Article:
Five Friday Questions with Kelleen Conway Blanchard

Kelleen Conway Blanchard is a playwright with a penchant for the creepy and monstrous side of humanity. Her work has been produced at Annex Theatre, Pony World, Seattle Playwright’s Collective, the 14/48 Festival, FringeACT and many others. Her 2012 femme-sploitation women’s prison takeoff Kittens in a Cage received rave reviews and spawned an acclaimed webseries. Her well-received gothic comedy Blood Countess premiered at Annex last fall. 

Blanchard is constantly generating new work that prominently features strong women and lurid circumstances. Look for her play Blonde with the Wind, currently in development, featuring Keira McDonald as Scarlett O’Hara trapped in a modern-day mental hospital. Blanchard joined me for this week’s installment of Five Friday Questions.

What’s the best performance you’ve seen lately?

Did you see the last 14/48 Festival?  In case you haven’t been, they ask writers, actors, directors, musicians and tech people to come together and make 14 new plays in 48 hours. It’s always insane and spectacular and terrifying for all of the artists. But fear is good for art. And in 14/48, the fear is right on you all of the time, holding your hand, snarling in your ear. That terror makes good theater. This last fest had three perfect moments or rather, series of moments. Little flashes of perfect:

  1. James Weidman as a blithely accepting cannibal on a sinking rowboat in a short play by Scotto Moore.
  2. Jennifer Jasper as an unwitting cult member who ends up drenched in blood in a short play by Maggie Lee. (I’m a sucker for anything drenched in blood.)
  3. Jason Marr as a big stupid cat being seduced by a small dog in a short play by Scot Augustson.

What’s the best meal in Seattle?
I have three.

  1. A slice of pepperoni from Hot Mama’s Pizza on Pine.  Cheesy, greasy, perfect and not $1000. I know! It’s on Pine and it’s real and good and not a complete rip-off. Unbelievable.
  2. Gyros from Zaina’s in the market. I can’t describe the deliciousness. I can’t. While I’m eating it, I say nothing. I make moany noises. You will too.
  3. Dim sum at Jade Garden. Holy crap! The walnut honey prawns. I dream about them. I’m dreaming about them right now. You think you’ll just want three. No. You’ll want six. Then, that will be too much. But what is too much, really? Life is a cold grasping claw. Eat your prawns while you can.

What music gets you pumped up? What do you listen to when you’re sad?

I always say that I’m not musical so I’m not forced into boring music conversations with people that really want to talk B-sides. And I don’t know B-sides. Truth is a lot of my music love was beaten out of me by cool older sister. She shamed me for my intense love of disco and soft rock. I’m working through it.

But I’ll go ahead and say that when I need to get pumped up—which isn’t that often because I have anxiety so I’m technically always pumped up in a hyperventilating-on-public-transportation kind of way—I pump up with Korean pop ladies. My wife and roomie both listen to a lot of Korean pop music. Sometimes I hide from it because a lot of it sounds like drunks at closing time but with synthesizers and, weirdly, saxophone. But these kick ass ladies always make me happy.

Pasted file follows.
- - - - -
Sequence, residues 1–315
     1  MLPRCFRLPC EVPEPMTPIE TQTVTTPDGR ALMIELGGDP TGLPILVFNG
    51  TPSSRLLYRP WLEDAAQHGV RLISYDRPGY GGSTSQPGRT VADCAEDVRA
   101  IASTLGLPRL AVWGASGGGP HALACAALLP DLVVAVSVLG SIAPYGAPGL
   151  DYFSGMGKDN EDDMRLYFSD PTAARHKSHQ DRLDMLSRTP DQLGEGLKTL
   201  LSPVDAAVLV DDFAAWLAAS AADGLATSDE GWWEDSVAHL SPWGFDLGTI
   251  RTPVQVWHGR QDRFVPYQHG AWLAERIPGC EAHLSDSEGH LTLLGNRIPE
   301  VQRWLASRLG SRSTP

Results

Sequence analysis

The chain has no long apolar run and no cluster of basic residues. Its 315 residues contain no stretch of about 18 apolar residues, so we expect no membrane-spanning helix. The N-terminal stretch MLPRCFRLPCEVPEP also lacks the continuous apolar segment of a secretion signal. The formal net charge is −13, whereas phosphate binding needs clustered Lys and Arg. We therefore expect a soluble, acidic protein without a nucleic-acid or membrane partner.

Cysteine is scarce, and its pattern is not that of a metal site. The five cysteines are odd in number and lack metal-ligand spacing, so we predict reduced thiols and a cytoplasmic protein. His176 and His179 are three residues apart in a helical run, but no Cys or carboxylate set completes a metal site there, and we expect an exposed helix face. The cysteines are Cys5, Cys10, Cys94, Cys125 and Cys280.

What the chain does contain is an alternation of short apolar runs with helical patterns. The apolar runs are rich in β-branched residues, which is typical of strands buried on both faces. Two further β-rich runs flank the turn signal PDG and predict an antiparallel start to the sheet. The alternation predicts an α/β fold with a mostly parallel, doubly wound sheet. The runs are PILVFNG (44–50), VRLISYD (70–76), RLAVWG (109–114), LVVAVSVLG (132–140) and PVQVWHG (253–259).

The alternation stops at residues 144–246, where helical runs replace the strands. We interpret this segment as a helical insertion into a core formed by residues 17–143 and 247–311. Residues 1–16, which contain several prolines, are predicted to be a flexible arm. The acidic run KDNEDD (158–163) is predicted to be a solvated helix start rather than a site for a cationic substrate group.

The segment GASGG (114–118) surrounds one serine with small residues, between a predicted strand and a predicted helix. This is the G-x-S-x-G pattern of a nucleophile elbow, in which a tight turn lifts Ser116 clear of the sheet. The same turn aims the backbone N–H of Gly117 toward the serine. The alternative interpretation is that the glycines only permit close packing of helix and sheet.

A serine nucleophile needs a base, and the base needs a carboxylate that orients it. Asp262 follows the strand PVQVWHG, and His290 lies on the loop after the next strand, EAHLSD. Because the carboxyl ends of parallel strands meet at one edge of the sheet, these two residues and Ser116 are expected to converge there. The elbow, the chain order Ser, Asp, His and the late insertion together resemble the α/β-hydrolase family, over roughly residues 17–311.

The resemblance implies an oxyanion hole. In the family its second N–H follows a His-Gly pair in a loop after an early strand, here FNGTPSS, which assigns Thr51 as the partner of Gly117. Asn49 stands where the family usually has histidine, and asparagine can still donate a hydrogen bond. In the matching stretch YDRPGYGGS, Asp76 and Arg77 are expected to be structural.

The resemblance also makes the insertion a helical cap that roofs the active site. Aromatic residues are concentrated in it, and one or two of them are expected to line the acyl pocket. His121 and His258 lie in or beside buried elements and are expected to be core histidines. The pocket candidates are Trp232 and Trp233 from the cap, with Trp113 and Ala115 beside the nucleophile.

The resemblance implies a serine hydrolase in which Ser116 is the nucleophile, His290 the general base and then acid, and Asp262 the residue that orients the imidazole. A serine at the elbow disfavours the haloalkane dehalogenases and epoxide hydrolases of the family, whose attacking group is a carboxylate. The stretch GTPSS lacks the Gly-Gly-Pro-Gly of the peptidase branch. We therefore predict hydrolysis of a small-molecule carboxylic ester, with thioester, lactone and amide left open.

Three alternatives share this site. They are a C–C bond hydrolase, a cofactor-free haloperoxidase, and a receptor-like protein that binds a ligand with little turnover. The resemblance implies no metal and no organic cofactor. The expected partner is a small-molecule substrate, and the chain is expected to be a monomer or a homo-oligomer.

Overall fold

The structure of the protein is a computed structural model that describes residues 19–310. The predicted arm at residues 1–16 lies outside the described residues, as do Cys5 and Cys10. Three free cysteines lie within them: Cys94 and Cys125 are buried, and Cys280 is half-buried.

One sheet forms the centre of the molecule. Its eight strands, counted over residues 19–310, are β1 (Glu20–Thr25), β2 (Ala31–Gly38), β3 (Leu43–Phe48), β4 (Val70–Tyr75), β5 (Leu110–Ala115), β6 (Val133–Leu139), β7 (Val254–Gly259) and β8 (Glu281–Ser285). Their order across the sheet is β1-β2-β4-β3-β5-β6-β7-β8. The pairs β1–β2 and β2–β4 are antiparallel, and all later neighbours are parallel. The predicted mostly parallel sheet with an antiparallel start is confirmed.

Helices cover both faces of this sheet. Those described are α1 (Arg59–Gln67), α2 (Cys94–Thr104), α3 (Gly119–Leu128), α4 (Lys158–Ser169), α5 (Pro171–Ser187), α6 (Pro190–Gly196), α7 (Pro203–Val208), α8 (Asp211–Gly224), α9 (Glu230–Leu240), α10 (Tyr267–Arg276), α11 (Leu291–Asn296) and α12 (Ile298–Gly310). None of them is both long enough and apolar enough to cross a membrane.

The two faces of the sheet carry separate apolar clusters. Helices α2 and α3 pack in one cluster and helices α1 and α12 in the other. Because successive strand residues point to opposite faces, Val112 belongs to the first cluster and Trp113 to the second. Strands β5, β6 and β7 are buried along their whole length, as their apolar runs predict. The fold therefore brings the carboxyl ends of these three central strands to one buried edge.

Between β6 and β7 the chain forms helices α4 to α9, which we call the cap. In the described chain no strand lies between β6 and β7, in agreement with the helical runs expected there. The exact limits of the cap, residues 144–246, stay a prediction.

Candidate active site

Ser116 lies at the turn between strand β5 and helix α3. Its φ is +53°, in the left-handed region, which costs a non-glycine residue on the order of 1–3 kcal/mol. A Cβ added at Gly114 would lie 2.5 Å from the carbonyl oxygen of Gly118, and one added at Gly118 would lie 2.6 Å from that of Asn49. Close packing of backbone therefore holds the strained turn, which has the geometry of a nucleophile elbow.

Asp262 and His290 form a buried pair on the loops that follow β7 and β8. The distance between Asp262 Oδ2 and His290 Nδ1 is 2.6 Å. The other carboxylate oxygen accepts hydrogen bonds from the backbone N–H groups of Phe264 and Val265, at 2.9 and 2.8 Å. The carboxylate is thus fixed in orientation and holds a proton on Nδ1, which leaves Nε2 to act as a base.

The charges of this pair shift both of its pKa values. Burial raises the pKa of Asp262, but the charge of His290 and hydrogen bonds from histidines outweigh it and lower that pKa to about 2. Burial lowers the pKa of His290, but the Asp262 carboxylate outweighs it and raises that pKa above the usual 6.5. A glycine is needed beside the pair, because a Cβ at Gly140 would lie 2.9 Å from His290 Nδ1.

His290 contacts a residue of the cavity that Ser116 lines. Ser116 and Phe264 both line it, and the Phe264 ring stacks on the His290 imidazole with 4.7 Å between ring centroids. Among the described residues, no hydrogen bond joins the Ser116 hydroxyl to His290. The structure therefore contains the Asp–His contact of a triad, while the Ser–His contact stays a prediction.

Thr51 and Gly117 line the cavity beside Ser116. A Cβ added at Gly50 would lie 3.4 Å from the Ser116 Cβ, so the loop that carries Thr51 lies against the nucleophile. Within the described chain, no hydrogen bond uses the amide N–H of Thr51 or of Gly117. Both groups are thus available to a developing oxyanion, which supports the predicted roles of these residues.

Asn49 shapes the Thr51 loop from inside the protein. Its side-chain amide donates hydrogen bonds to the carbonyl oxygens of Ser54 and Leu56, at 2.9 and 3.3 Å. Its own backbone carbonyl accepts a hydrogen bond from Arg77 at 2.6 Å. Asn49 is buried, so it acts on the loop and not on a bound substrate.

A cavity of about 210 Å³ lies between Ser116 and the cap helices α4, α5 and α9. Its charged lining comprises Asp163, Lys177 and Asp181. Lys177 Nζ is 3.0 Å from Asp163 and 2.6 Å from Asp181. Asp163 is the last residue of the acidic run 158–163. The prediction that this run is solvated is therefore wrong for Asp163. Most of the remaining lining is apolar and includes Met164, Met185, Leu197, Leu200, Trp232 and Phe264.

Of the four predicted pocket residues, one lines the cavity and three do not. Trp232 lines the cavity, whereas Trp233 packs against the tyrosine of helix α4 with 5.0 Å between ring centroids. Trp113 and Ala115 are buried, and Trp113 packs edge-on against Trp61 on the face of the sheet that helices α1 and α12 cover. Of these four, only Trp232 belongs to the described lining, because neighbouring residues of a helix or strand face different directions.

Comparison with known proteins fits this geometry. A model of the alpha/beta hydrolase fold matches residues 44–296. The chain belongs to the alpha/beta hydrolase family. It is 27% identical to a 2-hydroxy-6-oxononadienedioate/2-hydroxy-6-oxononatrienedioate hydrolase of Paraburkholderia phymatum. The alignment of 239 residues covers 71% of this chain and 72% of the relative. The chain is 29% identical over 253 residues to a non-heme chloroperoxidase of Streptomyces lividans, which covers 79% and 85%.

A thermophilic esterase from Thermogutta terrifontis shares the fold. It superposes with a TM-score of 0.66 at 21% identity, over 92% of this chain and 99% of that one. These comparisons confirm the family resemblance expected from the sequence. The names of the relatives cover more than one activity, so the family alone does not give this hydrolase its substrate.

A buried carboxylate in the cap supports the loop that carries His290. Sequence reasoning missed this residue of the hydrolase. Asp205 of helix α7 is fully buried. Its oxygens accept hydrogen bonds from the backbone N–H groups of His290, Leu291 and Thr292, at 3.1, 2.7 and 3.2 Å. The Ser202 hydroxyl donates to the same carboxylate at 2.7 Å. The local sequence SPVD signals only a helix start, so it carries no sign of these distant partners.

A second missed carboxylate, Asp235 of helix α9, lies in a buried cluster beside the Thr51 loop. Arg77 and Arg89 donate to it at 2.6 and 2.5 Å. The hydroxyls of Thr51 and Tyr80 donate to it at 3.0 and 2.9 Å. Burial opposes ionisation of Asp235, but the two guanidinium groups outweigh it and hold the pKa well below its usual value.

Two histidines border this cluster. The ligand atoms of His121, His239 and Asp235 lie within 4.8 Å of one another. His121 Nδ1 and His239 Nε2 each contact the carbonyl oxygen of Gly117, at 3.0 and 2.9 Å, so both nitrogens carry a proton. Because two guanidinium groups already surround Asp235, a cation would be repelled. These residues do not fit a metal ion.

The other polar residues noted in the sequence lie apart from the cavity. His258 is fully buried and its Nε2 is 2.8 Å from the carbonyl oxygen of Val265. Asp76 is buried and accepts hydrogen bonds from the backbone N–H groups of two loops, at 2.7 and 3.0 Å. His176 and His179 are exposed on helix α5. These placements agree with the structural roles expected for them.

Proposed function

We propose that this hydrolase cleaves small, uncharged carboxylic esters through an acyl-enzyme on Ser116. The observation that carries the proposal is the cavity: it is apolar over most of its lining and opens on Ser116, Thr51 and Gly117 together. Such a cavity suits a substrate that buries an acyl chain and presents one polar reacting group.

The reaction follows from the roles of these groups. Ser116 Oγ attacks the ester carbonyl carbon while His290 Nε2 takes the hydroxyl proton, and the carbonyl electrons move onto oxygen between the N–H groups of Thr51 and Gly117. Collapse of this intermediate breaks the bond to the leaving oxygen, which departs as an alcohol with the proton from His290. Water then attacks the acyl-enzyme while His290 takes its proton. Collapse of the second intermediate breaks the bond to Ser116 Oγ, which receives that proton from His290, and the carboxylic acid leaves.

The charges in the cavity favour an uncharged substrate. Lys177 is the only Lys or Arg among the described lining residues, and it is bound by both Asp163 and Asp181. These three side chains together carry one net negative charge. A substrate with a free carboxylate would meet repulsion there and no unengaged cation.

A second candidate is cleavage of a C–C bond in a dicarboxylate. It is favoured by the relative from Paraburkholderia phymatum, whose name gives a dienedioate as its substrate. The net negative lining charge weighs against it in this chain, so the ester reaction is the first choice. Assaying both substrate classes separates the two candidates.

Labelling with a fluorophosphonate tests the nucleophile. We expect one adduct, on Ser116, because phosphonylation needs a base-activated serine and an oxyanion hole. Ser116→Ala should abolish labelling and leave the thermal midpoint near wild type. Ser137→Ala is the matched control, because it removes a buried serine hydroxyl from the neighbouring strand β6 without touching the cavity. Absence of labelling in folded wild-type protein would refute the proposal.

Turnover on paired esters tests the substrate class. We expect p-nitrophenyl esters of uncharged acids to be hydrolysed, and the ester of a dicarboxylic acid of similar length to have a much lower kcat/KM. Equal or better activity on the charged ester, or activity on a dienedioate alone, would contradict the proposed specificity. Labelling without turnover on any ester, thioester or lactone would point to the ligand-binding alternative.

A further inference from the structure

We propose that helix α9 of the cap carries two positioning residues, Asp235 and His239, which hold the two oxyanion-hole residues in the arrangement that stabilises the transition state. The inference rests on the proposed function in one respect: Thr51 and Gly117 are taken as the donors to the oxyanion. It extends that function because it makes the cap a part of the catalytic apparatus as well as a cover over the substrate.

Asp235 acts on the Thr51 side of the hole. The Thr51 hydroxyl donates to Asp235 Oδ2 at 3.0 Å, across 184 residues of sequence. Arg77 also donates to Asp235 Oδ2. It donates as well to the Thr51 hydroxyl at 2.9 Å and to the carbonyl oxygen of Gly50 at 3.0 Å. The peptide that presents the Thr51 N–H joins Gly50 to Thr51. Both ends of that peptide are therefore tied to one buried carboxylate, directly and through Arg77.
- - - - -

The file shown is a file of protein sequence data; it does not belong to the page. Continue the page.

I don’t know why. I know why. It’s the sassiness. I love the sassiness.

When I’m sad nothing beats Dolly Parton and Loretta Lynn. They know me. Working nine to five? Yes I am, Dolly. What a way to make a living. Yeah. Fist City. Mmmmhmmm. Yep, Loretta. I know some people needing a punch.

What’s the ideal setting for writing a play?

In a subsidized luxury hotel. That would be the best. Let’s work that out.  But lacking that ideal situation, which again would be great, usually I write in my tiny chaotic apartment with my family playing video games and trying to talk to me and also use the computer and somehow I like that.

What’s the most useful thing anyone ever taught you about working in theater?

When I was a kid I had this phase where I started writing mean letters to people. Really mean ones. I don’t know why. Deep down, I’m a terrible person, probably. I’m not sneaky though, so I got caught and my father gave me this advice, “Never put anything in writing. That’s how they get you, kid.”

And it’s true. When you write something it gains in power. Calling someone a turd is one thing, writing an essay about why exactly they are a turd and all the turdy things they are in detail is something much more. And that’s why I’m a writer. Because it is something bigger.

Can I have two useful things? The other one is just this, and I don’t know who taught it to me, probably everybody: Being in theater or any art saves your life. Over and over again. For lots of reasons. The community of artists, the pleasure of creation. But mostly because when something awful happens you don’t think, “Oh no. It’s all over.” You think, “Wow. That’s terrible. How can I use it? What will I make out of it?” And that saves your life.